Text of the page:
Other portions of the Yellow alignment (generally from mileposts D21 to D23 and D28 to D32 on the illustrative maps) also fall entirely without the impact corridors utilized for the Red alignment, or are so near the outer perimeters of these corridors as to render those studies inadequate when related to the route selected. It must be further noted that numerous environmental factors were not separately examined in the supplementary impact statement prepared for the Green and Blue alignments, and no corridor referable to these alignments is identified for many of the factors that were included in the original study. Consequently, the defects attending the Red alignment study corridors, as applied to the Yellow alignment, have not been compensated for by the supplementary impact statement involving the Green and Blue alternatives. Cf. Environmental Defense Fund, Inc. v. Froehlke, supra.

We conclude, therefore, that the environmental impact statement did not include in its preparation a study of impacted corridors of sufficient width to encompass the alternative that was ultimately selected. As a consequence, the *136 statement did not in this respect include all alternative right-of-way alignments, which was contrary to N.J.A.C. 7:1A-1.2(a) and for that reason it was not prepared in accordance with applicable administrative guidelines as required under N.J.S.A. 27:23-23.5.

The failure to prepare an adequate environmental impact statement applicable to the Yellow alignment cannot be excused, as urged by respondent, on the ground that the ultimate determination to approve that alignment was not arbitrary or capricious. It is suggested, in effect, that there was substantial compliance with statutory and administrative directives because the studies actually undertaken were quite thorough and can be related reasonably to the Yellow alignment without undue extrapolation.

The guidelines specify that the environmental impact statement shall include certain factors. These are a description of the project, including technical data and information sufficient to enable the environmental impact to be carefully assessed; the probable impact of the project on ecological systems, including primary and secondary impacts; any probable and unavoidable adverse environmental effects; an evaluation of the procedures which will minimize these adverse effects; a comparative evaluation of long-term and short-term environmental effects, and a quantitative identification of any irreversible and irretrievable commitments of resources necessary to implement the program. N.J.A.C. 7:1A-1.2.

Judicial review of administrative action in this area must be responsive to these criteria. The court should consider, therefore, whether the agency has conscientiously balanced competing considerations. Calvert Cliffs' Coord. Com. v. United States A.E. Com'n, supra 449 F.2d at 1113-1114 (n. 9) and 1115. It must also determine whether the administrative evaluation sufficiently accounts for environmental factors. Environmental Defense Fund, Inc. v. Corps of Eng. U.S. Army, supra 470 F.2d at 300; cf. Citizens *137 To Preserve Overton Park v. Volpe, 401 U.S. 402, 416, 91 S. Ct. 814, 28 L. Ed. 2d 136 (1971); Zabel v. Tabb, supra, 430 F.2d at 211. The court, in exercising its function of judicial review, acts as a guardian of the statute to insure that its mandate is fulfilled and that all environmental factors are considered. Save Our Ten Acres v. Kreger, 472 F.2d 463, 467 (5 Cir.1973). See Citizens To Preserve Overton Park, Inc. v. Volpe, 335 F. Supp. 873, 876-877 (W.D. Tenn. 1972), remanded 357 F. Supp. 846 (W.D. Tenn. 1973). Cf. N.J. Sports & Exposition Authority v. McCrane, 61 N.J. 1, 62-66 (Hall, J., concurring and dissenting in part), cert. den. 409 U.S. 943, 93 S. Ct. 271, 34 L. Ed. 2d 215 (1972), aff'd 62 N.J. 248 (1973); Texas East. Trans. Corp. v. Wildlife Preserves, Inc., 48 N.J. 261, 272 (1966), aff'd 49 N.J. 403 (1967).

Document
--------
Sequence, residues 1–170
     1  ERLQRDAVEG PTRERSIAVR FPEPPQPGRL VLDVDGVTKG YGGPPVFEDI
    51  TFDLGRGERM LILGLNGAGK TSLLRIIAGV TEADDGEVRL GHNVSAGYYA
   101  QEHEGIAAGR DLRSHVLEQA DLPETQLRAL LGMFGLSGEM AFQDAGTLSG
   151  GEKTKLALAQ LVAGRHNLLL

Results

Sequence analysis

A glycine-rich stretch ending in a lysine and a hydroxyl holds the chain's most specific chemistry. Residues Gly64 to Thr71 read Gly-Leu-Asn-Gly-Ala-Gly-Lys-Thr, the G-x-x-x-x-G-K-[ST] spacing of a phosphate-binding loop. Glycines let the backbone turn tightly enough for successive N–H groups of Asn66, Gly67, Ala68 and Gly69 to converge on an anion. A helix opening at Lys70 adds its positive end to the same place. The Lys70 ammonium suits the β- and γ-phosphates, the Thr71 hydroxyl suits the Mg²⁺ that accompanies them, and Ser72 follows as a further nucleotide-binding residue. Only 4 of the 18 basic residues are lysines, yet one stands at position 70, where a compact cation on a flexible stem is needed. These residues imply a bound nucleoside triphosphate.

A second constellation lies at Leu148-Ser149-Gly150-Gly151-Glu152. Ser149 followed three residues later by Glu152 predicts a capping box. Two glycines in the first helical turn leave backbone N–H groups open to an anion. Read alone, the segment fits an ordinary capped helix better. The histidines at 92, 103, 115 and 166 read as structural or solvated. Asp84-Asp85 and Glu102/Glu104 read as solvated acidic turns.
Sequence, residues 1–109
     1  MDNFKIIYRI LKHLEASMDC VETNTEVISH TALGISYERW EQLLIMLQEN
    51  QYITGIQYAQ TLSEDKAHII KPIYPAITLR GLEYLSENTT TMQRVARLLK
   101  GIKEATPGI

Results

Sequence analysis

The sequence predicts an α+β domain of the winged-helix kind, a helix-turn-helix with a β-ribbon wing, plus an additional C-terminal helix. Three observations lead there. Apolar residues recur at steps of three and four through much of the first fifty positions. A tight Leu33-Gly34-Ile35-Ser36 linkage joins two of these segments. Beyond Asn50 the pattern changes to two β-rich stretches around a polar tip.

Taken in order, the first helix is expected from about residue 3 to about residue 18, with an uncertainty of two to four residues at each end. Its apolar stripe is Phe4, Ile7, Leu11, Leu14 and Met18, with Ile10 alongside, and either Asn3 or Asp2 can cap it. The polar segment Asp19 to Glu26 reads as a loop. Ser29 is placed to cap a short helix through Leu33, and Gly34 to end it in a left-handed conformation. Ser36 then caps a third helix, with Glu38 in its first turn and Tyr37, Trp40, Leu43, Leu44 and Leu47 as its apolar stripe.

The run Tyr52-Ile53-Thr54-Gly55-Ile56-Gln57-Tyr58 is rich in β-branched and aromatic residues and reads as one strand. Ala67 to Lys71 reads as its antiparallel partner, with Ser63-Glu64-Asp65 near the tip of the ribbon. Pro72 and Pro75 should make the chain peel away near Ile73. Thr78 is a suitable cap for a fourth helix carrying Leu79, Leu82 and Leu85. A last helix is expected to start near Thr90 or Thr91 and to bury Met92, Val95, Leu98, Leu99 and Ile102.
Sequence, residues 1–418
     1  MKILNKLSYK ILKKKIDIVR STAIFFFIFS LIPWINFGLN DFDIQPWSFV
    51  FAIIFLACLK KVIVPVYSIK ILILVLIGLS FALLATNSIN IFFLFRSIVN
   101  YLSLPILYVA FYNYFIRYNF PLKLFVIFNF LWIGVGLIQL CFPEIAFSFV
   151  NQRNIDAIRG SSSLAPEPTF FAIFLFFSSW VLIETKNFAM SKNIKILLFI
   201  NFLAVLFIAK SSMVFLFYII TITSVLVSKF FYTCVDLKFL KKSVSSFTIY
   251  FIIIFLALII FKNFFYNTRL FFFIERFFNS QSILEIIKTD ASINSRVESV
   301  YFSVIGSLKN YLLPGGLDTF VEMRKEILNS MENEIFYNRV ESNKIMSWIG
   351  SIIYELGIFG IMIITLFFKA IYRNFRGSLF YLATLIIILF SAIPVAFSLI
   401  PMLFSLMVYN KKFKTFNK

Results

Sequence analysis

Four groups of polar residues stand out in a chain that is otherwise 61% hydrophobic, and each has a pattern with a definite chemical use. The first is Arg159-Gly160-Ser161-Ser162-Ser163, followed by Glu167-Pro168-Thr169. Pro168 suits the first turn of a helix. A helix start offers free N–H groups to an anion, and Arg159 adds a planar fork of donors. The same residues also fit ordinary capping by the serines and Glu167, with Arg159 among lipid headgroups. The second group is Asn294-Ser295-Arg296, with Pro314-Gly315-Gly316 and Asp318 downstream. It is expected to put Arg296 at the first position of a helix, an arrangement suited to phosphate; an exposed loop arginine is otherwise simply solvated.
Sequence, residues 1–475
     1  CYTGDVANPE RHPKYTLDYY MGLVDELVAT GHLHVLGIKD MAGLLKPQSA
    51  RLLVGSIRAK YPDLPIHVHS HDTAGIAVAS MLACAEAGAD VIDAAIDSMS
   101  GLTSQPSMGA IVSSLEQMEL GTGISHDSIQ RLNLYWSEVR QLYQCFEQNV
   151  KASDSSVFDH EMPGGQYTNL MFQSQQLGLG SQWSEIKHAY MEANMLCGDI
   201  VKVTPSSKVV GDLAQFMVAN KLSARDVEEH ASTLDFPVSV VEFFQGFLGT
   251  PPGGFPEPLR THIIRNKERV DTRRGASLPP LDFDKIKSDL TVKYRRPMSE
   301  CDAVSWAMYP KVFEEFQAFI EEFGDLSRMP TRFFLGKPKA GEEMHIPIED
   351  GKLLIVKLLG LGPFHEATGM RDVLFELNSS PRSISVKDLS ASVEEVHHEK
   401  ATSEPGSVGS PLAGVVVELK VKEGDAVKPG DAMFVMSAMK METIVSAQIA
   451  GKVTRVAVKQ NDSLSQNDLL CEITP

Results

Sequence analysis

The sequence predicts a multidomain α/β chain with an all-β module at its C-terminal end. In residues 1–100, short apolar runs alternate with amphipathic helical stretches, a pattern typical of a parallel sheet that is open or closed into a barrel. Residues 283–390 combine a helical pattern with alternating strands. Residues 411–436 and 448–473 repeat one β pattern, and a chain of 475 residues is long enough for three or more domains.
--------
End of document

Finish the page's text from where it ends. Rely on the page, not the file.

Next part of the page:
Because the noninclusion in the final environmental impact statement of the Yellow route as one of the alternative alignments is a fatal defect, the administrative and executive action in approving that route for the extension project must be declared invalid. We need not, therefore, resolve the related question as to whether that action was arbitrary or capricious because of a failure to examine in depth many of the factors required to be considered by the administrative regulations. For example, in the original draft statement which focused upon the Red alignment, some of the minor alternative routes mentioned therein fell outside the one-mile socio-economic study and others were beyond the areas examined for noise, air and water quality, soils and vegetation effects. While a three-mile radius was utilized to study the socio-economic impact at major interchanges, the area to the northwest of the Turnpike at the proposed interchange of the Turnpike with the Red alignment apparently was not studied. With respect to the supplemental statement applicable to the Blue and Green alignments no study corridors were delineated therein and in particular no corridor was identified with respect to air quality, vegetation, water resources, *138 open space and recreation factors. Wildlife, soils and community institutions were not studied at all. The effect of the proposed Red, Blue and Green alignments on water resources seems not to have been based on any careful analysis. Similarly, the relative impact of these routes on surface water was not evaluated on the basis of the data collected and no full studies were undertaken with respect to wildlife because of "time constraints and the time of year."

Thus, it would appear that the environmental impact statements in some respects may not have complied with the legislative and administrative mandate that all pertinent factors impinging upon the environment in its very broadest sense be explored thoroughly. These apparent substantive inadequacies are magnified by the attempt to apply the statements to the path which was finally proposed since, to reiterate, in material areas it did not coincide with the alignments actually studied. These observations would serve only to strengthen the conclusion, which we have reached, that the environmental impact statements were invalid because they did not include the Yellow alignment.